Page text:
Ladies' Book-Plates - An Illustrated Handbook for Collectors and Book-Lovers

Front Cover
Read Books, 2009 - Art - 386 pages
Originally published in 1895. Introduction: For four hundred years the fashion for Ex libris has waxed and waned. The eighteenth century witnessed, perhaps, its most glorious phase. Although at present, there is a universal revival of the art, in some ways the modern book-plate is found wanting. This is certainly not from lack of inventive and imaginitive power on the part of the designer, but from the inferior methods of modern processes, which often spoil the work of the artist......This comprehensive guide is extensively illustrated throughout and will appeal greatly to any historian. Many of the earliest books, particularly those dating back to the 1900's and before, are now extremely scarce and increasingly expensive. We are republishing these classic works in affordable, high quality, modern editions, using the original text and artwork.

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About the author (2009)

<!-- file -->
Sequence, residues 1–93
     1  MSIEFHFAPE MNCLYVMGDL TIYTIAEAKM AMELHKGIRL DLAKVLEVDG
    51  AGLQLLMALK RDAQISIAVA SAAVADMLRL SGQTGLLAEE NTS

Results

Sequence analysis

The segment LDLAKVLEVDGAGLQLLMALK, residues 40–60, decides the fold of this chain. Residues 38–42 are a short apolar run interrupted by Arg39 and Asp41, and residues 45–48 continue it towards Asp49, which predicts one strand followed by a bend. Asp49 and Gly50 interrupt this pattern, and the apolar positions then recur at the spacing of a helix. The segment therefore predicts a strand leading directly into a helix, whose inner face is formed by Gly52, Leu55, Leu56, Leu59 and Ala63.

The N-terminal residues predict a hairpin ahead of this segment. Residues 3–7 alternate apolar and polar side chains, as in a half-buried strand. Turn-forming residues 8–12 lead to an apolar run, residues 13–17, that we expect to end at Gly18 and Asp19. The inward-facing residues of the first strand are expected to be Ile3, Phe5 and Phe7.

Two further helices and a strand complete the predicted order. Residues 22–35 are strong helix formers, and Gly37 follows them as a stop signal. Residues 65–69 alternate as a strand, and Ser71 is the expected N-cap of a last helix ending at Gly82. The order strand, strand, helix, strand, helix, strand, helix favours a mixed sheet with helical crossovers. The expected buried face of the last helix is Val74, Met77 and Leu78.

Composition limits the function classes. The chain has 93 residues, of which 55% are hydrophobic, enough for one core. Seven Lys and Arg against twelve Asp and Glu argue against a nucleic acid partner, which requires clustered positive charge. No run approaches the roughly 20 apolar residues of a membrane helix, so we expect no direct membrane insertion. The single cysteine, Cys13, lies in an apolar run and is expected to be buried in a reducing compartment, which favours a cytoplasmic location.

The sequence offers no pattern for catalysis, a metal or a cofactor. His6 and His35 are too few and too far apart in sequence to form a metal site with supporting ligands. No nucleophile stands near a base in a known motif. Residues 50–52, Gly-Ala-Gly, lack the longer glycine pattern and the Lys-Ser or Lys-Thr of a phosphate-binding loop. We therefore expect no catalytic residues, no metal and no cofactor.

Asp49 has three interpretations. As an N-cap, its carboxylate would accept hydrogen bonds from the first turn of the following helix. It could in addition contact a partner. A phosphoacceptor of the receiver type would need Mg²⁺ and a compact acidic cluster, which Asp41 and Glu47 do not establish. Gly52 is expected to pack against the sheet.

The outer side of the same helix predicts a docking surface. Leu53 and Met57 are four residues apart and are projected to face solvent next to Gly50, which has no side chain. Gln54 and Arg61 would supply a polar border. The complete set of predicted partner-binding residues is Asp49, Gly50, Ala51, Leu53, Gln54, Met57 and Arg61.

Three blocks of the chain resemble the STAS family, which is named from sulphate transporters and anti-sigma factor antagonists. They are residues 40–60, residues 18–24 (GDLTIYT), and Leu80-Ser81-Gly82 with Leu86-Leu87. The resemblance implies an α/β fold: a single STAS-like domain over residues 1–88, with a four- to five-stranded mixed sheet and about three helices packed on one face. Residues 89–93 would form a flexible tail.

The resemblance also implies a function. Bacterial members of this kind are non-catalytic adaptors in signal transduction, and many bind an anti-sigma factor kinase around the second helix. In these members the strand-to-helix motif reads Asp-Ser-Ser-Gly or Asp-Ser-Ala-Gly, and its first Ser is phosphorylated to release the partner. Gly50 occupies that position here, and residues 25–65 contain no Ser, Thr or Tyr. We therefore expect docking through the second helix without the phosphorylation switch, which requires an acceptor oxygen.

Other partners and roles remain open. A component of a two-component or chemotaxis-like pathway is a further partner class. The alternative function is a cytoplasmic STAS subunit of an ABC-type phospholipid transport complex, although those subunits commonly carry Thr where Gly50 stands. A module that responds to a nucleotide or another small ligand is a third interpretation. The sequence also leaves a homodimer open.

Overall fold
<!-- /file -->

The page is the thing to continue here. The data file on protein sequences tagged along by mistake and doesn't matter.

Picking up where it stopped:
Edith Wharton (1862-1937), American novelist and short-story writer, was born in New York City. Strongly influenced by Henry James, she is best known for her subtle and su-perbly crafted studies of the tragedies and ironies in the lives of members of middle-class and artistocratic New York soci-ety in the the nineteenth century. She was educated in New York and Europe, and married Edward Wharton, a Boston banker, in 1885. When her husband became mentally ill, she cared for him until 1913, when she settled permanently in France and divorced him. Among her best and most characteristic works are The House of Mirth (1905) and The Age of Innocence (1920), for which she received a Pultizer prize.

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